Allmänna Idrottsklubben - AIK, Stockholm
If your looking for something to do on one of those long wintry evenings in Stockholm you could take in an ice-hockey game, especially if like me you're from a country where the sport isn't played much. I went to a match between AIK Stockholm and Oskarsham and really enjoyed the experience. There are bigger clubs in Stockholm (Djurgardens IF and Hammarby IF) but tickets were hard to get (actually they were sold out) and more expensive. (Around 35 euros compared to around 16 euros for the game I went to.)
The games are played at the Hovet arena and the Globe arena for the bigger games and you can get tickets from the Derby sports store just off Sergels Torg in the city centre. (Near Ahlens City shopping centre or you can by tickets through ticnet.se
There are a lot of big teams in Stockholm, in many different sports. AIK, Djurgården and Hammarby have also ice hockey-teams, although it’s only Djurgården that plays in the first division, Elitserien.
They also have a handball-team in the first division, although they are in the bottom of the table this year. Better it goes for Hammarby.
AIK has a good team in floorball, while Hammarby are among the best clubs in Sweden in bandy. Female-bandy on the other hand is the sport for AIK.
In basket there is Alvik, and although a lot of clubs goes bankrupt all the time I think there is another team from Stockholm that still exist too, named 08 Stockholm or something like that.
I have probably forgot at least have of the teams and sports, but you see that there are things to look at also in this town…
Djurgården was formed in 1891, and for me they feel as classic as AIK Stockholm. Although when AIK was playing in Europe during the end of the 1990-ties, Djurgården were stuck in the second division.
They have had a tough period the last 20 years, where a final against Malmö FF in the middle of the 1980-ties was their biggest success.
One of their biggest stars ever is Stefan Rehn, now an assistant manager in the club, who later played for Everton, Lausanne and IFK Göteborg. In the last club he had a fantastic career, and is still cheered on everytime Djurgården meets IFK. Probably one of the most popular persons from Stockholm ever in Göteborg.
The last seasons their biggest stars have been, except for three mentioned above, Andreas Johansson and Tobias Hysén. The later, son to Glenn Hysén, once the captain for Liverpool and a star at Fiorentina, will most probably be sold during the next season, being one of the best players in Allsvenskan.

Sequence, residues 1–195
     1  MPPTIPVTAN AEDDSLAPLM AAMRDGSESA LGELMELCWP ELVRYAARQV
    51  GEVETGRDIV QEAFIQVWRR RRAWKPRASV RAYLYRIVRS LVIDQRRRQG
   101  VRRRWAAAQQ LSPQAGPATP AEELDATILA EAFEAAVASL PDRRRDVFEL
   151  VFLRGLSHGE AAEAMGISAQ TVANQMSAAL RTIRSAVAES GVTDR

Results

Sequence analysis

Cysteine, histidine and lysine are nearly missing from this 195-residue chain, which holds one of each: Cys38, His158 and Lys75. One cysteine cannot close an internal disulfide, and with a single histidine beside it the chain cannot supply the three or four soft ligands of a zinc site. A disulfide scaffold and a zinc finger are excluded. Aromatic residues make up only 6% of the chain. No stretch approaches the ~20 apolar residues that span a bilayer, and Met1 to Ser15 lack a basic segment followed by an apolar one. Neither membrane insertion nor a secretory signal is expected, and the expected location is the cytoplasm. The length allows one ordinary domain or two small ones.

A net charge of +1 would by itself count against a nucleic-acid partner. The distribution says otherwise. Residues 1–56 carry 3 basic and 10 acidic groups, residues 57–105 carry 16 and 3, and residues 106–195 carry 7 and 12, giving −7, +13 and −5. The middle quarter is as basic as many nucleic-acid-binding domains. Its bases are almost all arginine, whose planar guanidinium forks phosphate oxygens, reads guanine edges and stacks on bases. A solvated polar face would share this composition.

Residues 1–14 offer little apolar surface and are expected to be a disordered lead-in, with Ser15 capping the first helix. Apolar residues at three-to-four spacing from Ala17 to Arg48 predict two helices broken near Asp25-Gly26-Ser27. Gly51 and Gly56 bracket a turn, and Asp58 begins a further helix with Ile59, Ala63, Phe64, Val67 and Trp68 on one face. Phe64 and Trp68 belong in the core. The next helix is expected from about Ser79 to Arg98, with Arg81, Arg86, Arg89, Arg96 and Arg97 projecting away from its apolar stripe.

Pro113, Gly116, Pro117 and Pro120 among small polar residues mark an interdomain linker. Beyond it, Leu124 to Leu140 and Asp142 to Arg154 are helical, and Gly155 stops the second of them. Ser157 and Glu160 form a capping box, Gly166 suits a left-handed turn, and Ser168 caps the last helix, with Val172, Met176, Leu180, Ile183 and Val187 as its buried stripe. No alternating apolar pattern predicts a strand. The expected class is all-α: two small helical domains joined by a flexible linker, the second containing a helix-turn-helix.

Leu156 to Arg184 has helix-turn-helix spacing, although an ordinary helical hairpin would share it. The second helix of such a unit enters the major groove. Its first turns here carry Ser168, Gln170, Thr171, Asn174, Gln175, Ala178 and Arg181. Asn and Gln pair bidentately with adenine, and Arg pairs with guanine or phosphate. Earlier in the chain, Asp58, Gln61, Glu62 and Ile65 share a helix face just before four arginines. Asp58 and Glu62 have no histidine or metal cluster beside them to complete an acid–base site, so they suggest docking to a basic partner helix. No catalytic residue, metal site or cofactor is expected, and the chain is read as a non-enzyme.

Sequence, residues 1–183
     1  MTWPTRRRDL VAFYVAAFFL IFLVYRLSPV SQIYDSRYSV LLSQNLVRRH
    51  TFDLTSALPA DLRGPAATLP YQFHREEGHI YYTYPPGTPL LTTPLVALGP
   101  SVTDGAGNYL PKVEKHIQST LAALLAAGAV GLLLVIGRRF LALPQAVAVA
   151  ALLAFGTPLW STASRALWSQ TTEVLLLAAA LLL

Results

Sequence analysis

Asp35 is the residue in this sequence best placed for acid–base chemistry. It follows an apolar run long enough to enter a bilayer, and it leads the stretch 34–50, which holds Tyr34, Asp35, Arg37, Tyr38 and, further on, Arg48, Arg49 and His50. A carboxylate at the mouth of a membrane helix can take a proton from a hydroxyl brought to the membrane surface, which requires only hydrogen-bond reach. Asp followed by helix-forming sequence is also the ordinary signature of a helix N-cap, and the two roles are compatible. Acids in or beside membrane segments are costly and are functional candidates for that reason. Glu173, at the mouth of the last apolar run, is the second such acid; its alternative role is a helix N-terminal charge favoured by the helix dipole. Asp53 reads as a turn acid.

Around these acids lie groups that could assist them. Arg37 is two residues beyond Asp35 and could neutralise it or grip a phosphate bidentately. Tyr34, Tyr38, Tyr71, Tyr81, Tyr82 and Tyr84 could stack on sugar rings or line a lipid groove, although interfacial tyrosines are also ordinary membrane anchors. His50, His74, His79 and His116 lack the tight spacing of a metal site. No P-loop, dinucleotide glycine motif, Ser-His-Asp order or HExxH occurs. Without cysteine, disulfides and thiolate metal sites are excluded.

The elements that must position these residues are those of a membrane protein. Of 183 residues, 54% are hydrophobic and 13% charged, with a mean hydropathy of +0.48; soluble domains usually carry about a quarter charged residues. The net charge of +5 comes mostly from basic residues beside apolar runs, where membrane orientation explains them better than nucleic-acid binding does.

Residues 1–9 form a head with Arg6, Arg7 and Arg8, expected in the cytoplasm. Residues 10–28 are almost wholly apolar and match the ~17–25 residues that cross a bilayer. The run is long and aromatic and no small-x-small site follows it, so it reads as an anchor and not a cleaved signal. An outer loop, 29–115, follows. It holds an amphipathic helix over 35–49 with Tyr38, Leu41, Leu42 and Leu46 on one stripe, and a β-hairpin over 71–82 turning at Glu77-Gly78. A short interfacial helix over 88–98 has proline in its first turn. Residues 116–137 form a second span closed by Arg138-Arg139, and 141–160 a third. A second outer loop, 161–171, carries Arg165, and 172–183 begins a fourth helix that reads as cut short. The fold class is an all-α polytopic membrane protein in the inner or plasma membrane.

AIK-supporters are infamous in Sweden, and Europe, for being very violent. The Black Army was the first Swedish supportergroup that really acted as hooligans and even if they are now much calmer, and the AIK-supporters definitely aren’t as bad nowadays as their reputation, it’s something that will live with the black-yellow guys for a very long time.
Specially since they now and then makes trouble still, including a murder of an IFK Gothenburg-supporter (fights between hooligans some years ago, no one was ever caught for the crime) and big incidents during the derby against Hammarby this autumn (2004), when AIK-supporters tried to invade the pitch and the game had to be postphoned for half an hour.
The AIK-supporters are standing at “Norra Stå”, the north curve at Råsunda Stadium. The biggest supporter club is Black Army, while another one is Smokinglirarna. Ultra group Ultras Nord was formed last season. The old hooligan group is called “Firman” (the firm).
The atmosphere among Stockholm-supporters are much harder than at other groups in Sweden. That means that sometime the atmosphere at the games is fantastic, but it also means that they are quite tough for the players when it’s not going well on the pitch. AIK-supporters aren’t known for singing when the other team has scored, if I say so…
They are, though, famous for have having forced some of their ex-managers away. “Firman” has have small “talks” with managers and players, making many of those resign shortly after.
They used to follow AIK in a big amount during the 1990-ties, but as their team started to play worse, the supporters started to stay at home.
Quite the different on home pitch though, since AIK’s media crowd has gone from 6 700 1997 up to 13 880 (and even more the season before that) last season, despite the team went down in the second division at the end of the year.
For the former big-club AIK Stockholm the season 2004 was the end of a very bad period. Managers have come and gone, way too many in a short while, and the team hasn’t had a real style that they play after for many years.
It ended bad, really bad. For the first time in over 30 years they got relegated. Much to the joy of the rest of Sweden, but for the AIK-supporters it was a tragedy.
The club was formed in 1891(although the football-section didn't started until five years later), one of the oldest in Sweden. They won the Swedish league as late as 1998, and played in the Champions League (against Arsenal, Barcelona and Fiorentina) 1999/00, although without any success.
That was under manager Stuart Baxter, who also took the club to the quarterfinal in the Cupwinners Cup shortly before that. When he left the club started to go down, and after this season another manager (Patrick Englund) got fired, while big parts of the board have resigned. Including Uefa-president Lennart Johansson, who was the chairman of the shareholder company AIK Fotboll AB.
Next year will be very important for the club, since if they fail to get back immediately to Allsvenskan their economy would get even worse. Last season they lost more than 2 millions euro, a very big amount for a Swedish club, and what they once earned from the Champions League is since long gone.
They are now, during the winter, trying to sell some of their players, to get rid of the worst economical problems (and highest salaries), which gives new manager Rikard Norling an even tougher job.